If the price is right, this risk may be too good to pass up for a team that needs a multi-faceted weapon that can spread the field laterally and potentially play a factor in the return game.
When healthy and on the active roster, Fred Davis is among the most physically gifted tight ends in football. He just needs to find ways to avoid injury and suspension.
Davis has battled both of those issues in recent times and his torn Achilles and positive drug test may be enough caution for teams to avoid him. But there are always teams willing to take a waiver on a player with talent, and Davis has plenty of it.
The 6'4" 247-pound Toledo product has averaged 12.7 yards per reception during his career and has developed into a multidimensional weapon. As his receiving skills have blossomed, he has also become a better blocker.
Davis is an every-down player that can be a critical piece of the puzzle for any team, especially when utilizing his size and ball skills near the goal line.
The Washington Redskins are battling an $18 million cap sanction and likely can't afford to bring Davis back into the fold, even at a discounted price. There is definite risk for other teams interested in Davis, but a ton of potential reward.
Teams are going to clamor for Mike Wallace, Greg Jennings and Dwayne Bowe. Rightfully so, because they are three supremely talented wide receivers that are going to send free agency into a frenzy.
Still, a guy like Brian Hartline will fly nicely under the radar and be a solid addition for a team not willing to dole out the big bucks.
He is not a physically imposing weapon at 6'2", 199 pounds, but Hartline is a smart player that knows how to find the seams in coverage and get open. He rarely drops passes and is unafraid to make plays across the middle of the field.
The problem is that Hartline has a problem finding the end zone. He has just six touchdowns in his four-year career, juxtaposed with an impressive 15 yards per receptions average.
Hartline has been somewhat hamstrung by playing in Miami, catching passes from less-than-elite QBs such as Chad Henne and Ryan Tannehill.
Touchdown chances have not always been plentiful for Hartline, but he will almost certainly be given a chance to prove himself when he hits free agency.
Desmond Bryant may soon become the next Harvard smarty to make a name for himself in the NFL (and no, I am not talking about his recent mugshot fiasco).
He has already developed a reputation among those that closely follow the game, but the Oakland Raiders' struggles in recent years have kept his name out of the spotlight.
The 6'6" 311-pound defensive tackle is a beast along the defensive line, creating pressure up the middle and constantly forcing opposing offenses to move the pocket to avoid his presence.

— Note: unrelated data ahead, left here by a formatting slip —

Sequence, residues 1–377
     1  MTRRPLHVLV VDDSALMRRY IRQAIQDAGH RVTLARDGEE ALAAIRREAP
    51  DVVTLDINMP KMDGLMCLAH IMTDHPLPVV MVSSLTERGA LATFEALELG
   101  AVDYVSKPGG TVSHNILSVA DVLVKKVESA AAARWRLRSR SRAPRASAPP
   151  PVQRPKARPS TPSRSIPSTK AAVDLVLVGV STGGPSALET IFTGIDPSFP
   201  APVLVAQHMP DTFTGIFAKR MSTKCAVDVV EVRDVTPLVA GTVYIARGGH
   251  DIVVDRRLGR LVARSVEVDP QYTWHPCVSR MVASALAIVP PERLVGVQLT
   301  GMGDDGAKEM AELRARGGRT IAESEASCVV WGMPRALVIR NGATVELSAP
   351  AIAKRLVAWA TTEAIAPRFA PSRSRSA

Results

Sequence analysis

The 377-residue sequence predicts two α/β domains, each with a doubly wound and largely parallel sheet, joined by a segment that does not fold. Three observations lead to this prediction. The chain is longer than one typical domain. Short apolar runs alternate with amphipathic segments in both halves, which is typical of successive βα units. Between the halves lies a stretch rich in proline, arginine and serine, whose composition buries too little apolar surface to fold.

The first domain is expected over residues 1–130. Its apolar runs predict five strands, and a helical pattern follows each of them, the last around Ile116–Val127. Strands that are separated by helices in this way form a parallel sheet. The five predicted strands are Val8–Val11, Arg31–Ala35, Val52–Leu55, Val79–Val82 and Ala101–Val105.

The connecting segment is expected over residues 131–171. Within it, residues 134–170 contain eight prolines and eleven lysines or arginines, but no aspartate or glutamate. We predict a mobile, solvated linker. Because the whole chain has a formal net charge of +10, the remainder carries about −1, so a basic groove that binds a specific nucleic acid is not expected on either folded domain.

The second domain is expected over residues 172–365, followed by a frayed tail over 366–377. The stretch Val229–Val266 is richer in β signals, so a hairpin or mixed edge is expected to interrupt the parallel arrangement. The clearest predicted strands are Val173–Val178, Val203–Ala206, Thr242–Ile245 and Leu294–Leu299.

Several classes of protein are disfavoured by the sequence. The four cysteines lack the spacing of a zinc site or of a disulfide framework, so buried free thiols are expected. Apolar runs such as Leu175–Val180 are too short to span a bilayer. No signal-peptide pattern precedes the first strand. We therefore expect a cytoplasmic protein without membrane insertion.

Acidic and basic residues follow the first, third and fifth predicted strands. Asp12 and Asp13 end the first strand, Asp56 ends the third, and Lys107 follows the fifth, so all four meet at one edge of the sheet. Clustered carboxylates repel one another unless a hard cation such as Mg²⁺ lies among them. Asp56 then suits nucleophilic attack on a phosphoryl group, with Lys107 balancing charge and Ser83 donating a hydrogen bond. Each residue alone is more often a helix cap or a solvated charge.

Bryant is not going to get the contract that a guy like Henry Melton of the Chicago Bears is going to demand, but it could be argued that he will be every bit as valuable to his new team.
Bryant has missed just one game in his four-year career and while his stats are less-than-stellar, his play is just the opposite.
The Raiders have other defensive linemen up for free agency in Richard Seymour, Matt Shaughnessy and Andre Carter, but it's No. 90 that has the brightest future.
At some point, Chris Ivory is going to get a chance to prove himself at the NFL level.
The fact of the matter is that he has been buried on the New Orleans Saints depth chart and not been given much of a chance to this point. When he did see some significant playing time as a rookie in 2010, Ivory impressed to the tune of 716 yards rushing and five touchdowns.
New Orleans still felt the need to draft Mark Ingram after that showing and the roster currently features Ingram, Darren Sproles and Pierre Thomas alongside Ivory.
Ivory has a strong 6'0", 222-pound frame and is adept at both running between the tackles and around them. He is deceptively fast and runs with a low center of gravity.
Ivory is a cut-and-go type runner, always looking to get upfield in a hurry and never shying away from defenders. New Orleans has clearly not realized the potential buried on its depth chart, but another team is going to get a serious value purchase in free agency.
The Tiffin University product has not had a chance yet to earn a big payday, but will undoubtedly earn one the next time around.
It is often hard for a fanbase to get excited about signing an offensive lineman. That should not be the case for whatever franchise lands Will Beatty.
Beatty is a 6'6" 319-pound beast of man that can bulldoze defenders off the ball and provides a consistent presence at both left and right tackle. He played both positions for the New York Giants while starting 25 games over the past two seasons.
The 2013 free-agent class is littered with big name offensive tackles like Jake Long, Ryan Clady, Jermon Bushrod and Branden Albert. This overabundance of talent means that Beatty could easily be overlooked and get lost in the shuffle.
Beatty has quick feet and a strong, balanced approach to his game. His versatility could make him the steal of this free-agent class.